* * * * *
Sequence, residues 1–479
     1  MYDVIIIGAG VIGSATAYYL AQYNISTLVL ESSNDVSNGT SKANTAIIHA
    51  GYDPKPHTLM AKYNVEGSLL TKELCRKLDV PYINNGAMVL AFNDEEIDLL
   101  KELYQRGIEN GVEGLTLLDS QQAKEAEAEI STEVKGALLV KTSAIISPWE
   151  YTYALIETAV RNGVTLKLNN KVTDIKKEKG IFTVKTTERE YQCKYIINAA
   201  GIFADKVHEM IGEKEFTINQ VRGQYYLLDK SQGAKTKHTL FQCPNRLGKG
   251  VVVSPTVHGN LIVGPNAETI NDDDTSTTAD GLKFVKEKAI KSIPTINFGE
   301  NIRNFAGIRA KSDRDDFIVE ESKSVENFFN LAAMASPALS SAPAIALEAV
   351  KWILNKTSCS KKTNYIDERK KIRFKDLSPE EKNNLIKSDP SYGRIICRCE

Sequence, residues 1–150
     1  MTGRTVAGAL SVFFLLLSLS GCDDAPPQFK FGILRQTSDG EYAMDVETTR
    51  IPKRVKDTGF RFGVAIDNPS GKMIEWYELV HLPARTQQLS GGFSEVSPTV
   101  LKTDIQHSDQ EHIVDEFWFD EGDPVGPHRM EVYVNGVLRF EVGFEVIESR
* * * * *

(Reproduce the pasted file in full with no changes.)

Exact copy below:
Sequence, residues 1–479
     1  MYDVIIIGAG VIGSATAYYL AQYNISTLVL ESSNDVSNGT SKANTAIIHA
    51  GYDPKPHTLM AKYNVEGSLL TKELCRKLDV PYINNGAMVL AFNDEEIDLL
   101  KELYQRGIEN GVEGLTLLDS QQAKEAEAEI STEVKGALLV KTSAIISPWE
   151  YTYALIETAV RNGVTLKLNN KVTDIKKEKG IFTVKTTERE YQCKYIINAA
   201  GIFADKVHEM IGEKEFTINQ VRGQYYLLDK SQGAKTKHTL FQCPNRLGKG
   251  VVVSPTVHGN LIVGPNAETI NDDDTSTTAD GLKFVKEKAI KSIPTINFGE
   301  NIRNFAGIRA KSDRDDFIVE ESKSVENFFN LAAMASPALS SAPAIALEAV
   351  KWILNKTSCS KKTNYIDERK KIRFKDLSPE EKNNLIKSDP SYGRIICRCE

Sequence, residues 1–150
     1  MTGRTVAGAL SVFFLLLSLS GCDDAPPQFK FGILRQTSDG EYAMDVETTR
    51  IPKRVKDTGF RFGVAIDNPS GKMIEWYELV HLPARTQQLS GGFSEVSPTV
   101  LKTDIQHSDQ EHIVDEFWFD EGDPVGPHRM EVYVNGVLRF EVGFEVIESR